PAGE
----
November 3, 2014 Brian Kelsey

Economic Impact of Google Fiber

This story was written by Brian Gaar and appeared in the Austin American-Statesman on November 2, 2014.

Austin business leaders: Google Fiber can’t get here soon enough

Google Fiber hasn’t officially arrived in Austin yet, but local business and technology leaders say the ultrafast Internet service will be a game-changer when it debuts here next month.

While Google has only announced its residential service and hasn’t yet given details about commercial availability, business leaders and entrepreneurs say the prospect of 1 gigabit-per-second Internet speeds will enhance Austin’s reputation as a tech hub and spark new innovations. The service is more than 100 times faster than today’s typical broadband Internet access.

“I think it’s going to be awesome,” said William “Whurley” Hurley, an Austin entrepreneur who co-founded mobile developer Chaotic Moon and is planning to launch another startup next year. “It’s going to be revolutionary for a lot of businesses that I don’t think see it as that now, but it will be.”

Hurley, who is no longer with Chaotic Moon, predicted residents will flock to areas of Austin where Google Fiber is rolling out first. Google recently announced that parts of South and Southeast Austin will be the first to get the new service starting in December.

Part of the allure is reducing the time that many tech businesses spend uploading — and downloading — data to the cloud, for such operations as data processing.

That represents a lot of downtime, Hurley said.

“Speed is part of the new business formula,” he said. “You have to be able to work fast, and speed becomes an advantage.”

With only a handful of other cities in the queue for Google Fiber at this time, Austin will have a huge advantage over most of the country with the increased Internet speeds, said Manny Flores, CEO of Austin advertising firm LatinWorks.

“Austin will be able to work harder and faster, and I’m looking forward to seeing the results,” Flores said.

Advertising in particular is a fast-paced business, he said, with clients looking to push boundaries and outpace their competition. Internally, there’s also the need to be more efficient in the way that LatinWorks conducts business on a daily basis, he said.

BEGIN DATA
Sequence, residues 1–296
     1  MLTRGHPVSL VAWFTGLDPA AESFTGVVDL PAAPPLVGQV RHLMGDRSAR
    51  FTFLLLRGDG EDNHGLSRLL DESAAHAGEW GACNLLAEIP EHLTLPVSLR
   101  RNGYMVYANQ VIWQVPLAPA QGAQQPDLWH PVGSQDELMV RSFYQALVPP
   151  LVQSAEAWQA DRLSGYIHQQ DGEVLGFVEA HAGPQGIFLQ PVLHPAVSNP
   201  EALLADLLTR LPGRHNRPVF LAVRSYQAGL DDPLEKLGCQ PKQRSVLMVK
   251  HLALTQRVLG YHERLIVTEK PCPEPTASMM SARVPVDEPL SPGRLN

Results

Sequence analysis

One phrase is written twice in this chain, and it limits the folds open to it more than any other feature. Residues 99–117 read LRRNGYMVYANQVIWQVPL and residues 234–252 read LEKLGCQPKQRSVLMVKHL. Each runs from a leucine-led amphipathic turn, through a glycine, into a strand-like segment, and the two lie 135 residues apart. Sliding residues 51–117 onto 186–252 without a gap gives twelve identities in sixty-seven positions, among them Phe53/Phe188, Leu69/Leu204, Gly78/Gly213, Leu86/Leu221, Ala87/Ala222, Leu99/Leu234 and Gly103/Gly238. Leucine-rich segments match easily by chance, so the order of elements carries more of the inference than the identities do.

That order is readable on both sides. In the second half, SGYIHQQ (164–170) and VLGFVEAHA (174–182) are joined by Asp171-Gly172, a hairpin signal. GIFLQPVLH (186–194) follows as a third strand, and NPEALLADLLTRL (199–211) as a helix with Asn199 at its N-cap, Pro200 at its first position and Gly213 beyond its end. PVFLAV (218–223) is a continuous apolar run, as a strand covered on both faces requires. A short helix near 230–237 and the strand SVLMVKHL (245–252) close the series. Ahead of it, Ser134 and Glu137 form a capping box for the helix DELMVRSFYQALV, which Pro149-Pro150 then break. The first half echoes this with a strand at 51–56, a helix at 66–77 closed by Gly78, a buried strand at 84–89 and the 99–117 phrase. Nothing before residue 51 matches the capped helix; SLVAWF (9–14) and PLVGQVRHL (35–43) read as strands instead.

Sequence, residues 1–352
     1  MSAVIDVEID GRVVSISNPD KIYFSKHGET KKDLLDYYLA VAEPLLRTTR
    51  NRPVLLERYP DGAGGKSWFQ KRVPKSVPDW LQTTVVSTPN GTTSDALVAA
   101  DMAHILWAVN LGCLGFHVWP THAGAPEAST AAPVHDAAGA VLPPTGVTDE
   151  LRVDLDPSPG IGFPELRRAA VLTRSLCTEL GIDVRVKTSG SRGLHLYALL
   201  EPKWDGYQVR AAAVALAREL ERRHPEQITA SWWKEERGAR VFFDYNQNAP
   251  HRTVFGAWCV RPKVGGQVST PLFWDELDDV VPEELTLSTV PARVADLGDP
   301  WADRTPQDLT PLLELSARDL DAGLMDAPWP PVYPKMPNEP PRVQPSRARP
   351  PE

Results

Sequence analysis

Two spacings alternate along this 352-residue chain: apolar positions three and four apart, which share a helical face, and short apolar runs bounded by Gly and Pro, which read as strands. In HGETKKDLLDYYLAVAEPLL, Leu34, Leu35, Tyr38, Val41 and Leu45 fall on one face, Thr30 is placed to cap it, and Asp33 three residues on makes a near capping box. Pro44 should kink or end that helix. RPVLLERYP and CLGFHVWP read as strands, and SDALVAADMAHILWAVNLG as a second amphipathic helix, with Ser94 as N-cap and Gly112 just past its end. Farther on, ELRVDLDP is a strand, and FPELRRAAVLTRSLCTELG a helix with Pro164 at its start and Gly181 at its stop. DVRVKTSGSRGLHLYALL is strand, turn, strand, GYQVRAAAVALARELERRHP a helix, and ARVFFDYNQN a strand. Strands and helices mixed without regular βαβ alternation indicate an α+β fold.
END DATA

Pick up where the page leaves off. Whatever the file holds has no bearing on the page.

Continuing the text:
“Faster Internet speeds will allow us to communicate seamlessly across departments and with our clients,” Flores said. “Our increased ability to download and process big data will allow for more efficient optimizations across all of our digital campaigns, as well as a more efficient work flow for our creative teams who are constantly downloading and working with large files.”

Gary Gattis, CEO of Austin gaming studio Spacetime Studios, said he’d love to be wired with Google Fiber at home and at work.

“We transmit a huge amount of data whenever we work from home,” he said. “Google Fiber would make it much more manageable.”

Faster Internet service has proven to be a lure for fledgling businesses in other communities where Google Fiber has landed. In Kansas City, where Google Fiber first launched, startups sprouted in a number of neighborhoods. The movement has dubbed the “Silicon Prairie.”

The advantage for startups is simple: A faster Internet pipe makes it easier to handle large files and eliminates buffering problems that plague online video, live conferencing or other network-intensive tasks.

Infrastructure of that caliber has certainly been an asset for other communities’ business attraction and retention efforts, said Brian Kelsey, principal of Civic Analytics, an Austin-based economic development firm.

He pointed to Chattanooga, Tenn., which is running a municipally owned fiber-optic network “that has really improved their position among peer communities.”

Chattanooga’s taxpayer-owned network has indeed sparked growth.

Former factory buildings on its Main Street and Warehouse Row on Market Street have been converted to loft apartments, open-space offices, restaurants and shops. The city has welcomed a new population of computer programmers, entrepreneurs and investors.

“It created a catalytic moment here,” said Sheldon Grizzle, founder of the Company Lab, which helps startups refine their ideas and bring their products to market. “The Gig,” as Chattanooga’s fiber-optic network is known, “allowed us to attract capital and talent into this community that never would have been here otherwise.”

Another benefit, business owners point out, is that Google’s entrance into the Austin market has prompted other providers, including AT&T and Time Warner, to roll out faster Internet speeds on their Austin networks.

“Competition is a beautiful thing, and all of us benefit from it when it’s allowed to happen in the marketplace,” said David Kaelin, who owns the Austin-based retro gaming chain Game Over Videogames.

Austin-area business owners also say faster Internet service leads to innovations that weren’t possible with slower connections. Just as broadband connections made Internet video and online gaming more accessible to the masses, gigabit Internet will likely prompt another round of innovation.

Hurley said the faster Internet speeds will enable a whole host of new ideas and services. Tech incubators at the University of Texas and Capital Factory will benefit to a huge degree, he said.

“I think it’s really going to take things to a whole new level and allow for a whole new set of ideas,” he said.

In the advertising realm, more and more of the industry is shifting to digital, and Flores said he’s looking forward to seeing how the landscape will continue to evolve.

“We’ve seen so many great new technologies and offerings arise over the past few years and can’t wait for what comes next,” he said.

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